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two. And, again just like with leaves and shells, it seems likely that among the animals we see are ones that correspond to a fair fraction of the possible choices for relative rates of growth.

We began this section by asking what underlying rules of growth would be needed to produce the kind of diversity and complexity that we see in the forms of plants and animals. And in each case that we have examined what we have found is that remarkably simple rules seem to suffice. Indeed, in most cases the basic rules actually seem to be somewhat simpler than those that operate in many non-biological systems. But what allows the striking diversity that we see in biological systems is that different organisms and different species of organisms are always based on at least slightly different rules.

In the previous section I argued that for the most part such rules will not be carefully chosen by natural selection, but instead will just be picked almost at random from among the possibilities. From experience with traditional mathematical models, however, one might then assume that this would inevitably imply that all plants and animals would have forms that look quite similar.

But what we have discovered in this book is that when one uses rules that correspond to simple programs, rather than, say, traditional mathematical equations, it is very common to find that different rules lead to quite different—and often highly complex—patterns of behavior. And it is this basic phenomenon that I suspect is responsible for most of the diversity and complexity that we see in the forms of plants and animals.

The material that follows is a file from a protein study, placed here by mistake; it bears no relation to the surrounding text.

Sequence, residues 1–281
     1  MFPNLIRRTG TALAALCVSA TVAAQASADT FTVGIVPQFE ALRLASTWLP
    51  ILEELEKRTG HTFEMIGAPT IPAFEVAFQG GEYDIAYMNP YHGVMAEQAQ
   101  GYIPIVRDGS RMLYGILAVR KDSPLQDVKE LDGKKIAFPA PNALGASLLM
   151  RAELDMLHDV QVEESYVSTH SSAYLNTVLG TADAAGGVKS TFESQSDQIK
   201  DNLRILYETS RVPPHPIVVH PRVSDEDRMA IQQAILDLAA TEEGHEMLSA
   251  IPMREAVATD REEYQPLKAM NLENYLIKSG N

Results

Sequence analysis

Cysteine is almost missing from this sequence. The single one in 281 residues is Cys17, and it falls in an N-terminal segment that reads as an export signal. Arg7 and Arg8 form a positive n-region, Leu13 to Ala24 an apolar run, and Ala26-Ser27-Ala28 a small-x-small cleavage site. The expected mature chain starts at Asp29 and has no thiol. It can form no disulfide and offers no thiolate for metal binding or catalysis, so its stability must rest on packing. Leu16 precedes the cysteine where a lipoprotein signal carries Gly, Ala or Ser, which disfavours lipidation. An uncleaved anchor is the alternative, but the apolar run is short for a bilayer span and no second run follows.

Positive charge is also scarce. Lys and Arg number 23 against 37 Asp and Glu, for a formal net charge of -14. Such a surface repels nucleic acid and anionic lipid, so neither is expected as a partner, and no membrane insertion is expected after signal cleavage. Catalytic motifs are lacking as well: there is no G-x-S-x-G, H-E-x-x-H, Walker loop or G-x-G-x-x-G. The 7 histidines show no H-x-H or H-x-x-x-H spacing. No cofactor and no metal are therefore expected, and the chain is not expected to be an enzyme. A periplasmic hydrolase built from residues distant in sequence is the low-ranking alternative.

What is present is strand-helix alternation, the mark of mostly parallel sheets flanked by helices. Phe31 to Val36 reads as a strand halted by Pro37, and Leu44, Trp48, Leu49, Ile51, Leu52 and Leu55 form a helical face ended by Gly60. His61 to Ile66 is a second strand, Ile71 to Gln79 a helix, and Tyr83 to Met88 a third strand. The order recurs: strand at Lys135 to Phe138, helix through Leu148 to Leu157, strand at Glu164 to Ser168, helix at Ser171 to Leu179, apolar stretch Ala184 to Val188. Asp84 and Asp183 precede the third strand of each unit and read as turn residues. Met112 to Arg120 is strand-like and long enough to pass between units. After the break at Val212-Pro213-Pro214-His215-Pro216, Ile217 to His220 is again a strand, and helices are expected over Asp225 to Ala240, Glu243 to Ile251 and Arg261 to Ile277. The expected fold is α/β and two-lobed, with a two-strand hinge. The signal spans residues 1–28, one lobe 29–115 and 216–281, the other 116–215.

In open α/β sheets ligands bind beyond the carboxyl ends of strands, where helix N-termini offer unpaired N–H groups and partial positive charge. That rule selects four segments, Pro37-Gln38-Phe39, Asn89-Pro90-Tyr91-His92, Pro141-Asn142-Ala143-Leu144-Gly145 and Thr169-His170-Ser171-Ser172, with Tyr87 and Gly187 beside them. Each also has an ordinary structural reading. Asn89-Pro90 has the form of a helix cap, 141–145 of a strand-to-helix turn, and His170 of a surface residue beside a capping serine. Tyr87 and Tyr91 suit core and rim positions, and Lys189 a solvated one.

Biological Pigmentation Patterns

At a visual level, pigmentation patterns represent some of the most obvious examples of complexity in biological organisms. And in the past it has usually been assumed that to get the kind of complexity that one sees in such patterns there must be some highly complex underlying mechanism, presumably related to optimization through natural selection.

Following the discoveries in this book, however, what I strongly suspect is that in fact the vast majority of pigmentation patterns in

From Stephen Wolfram: A New Kind of Science [citation]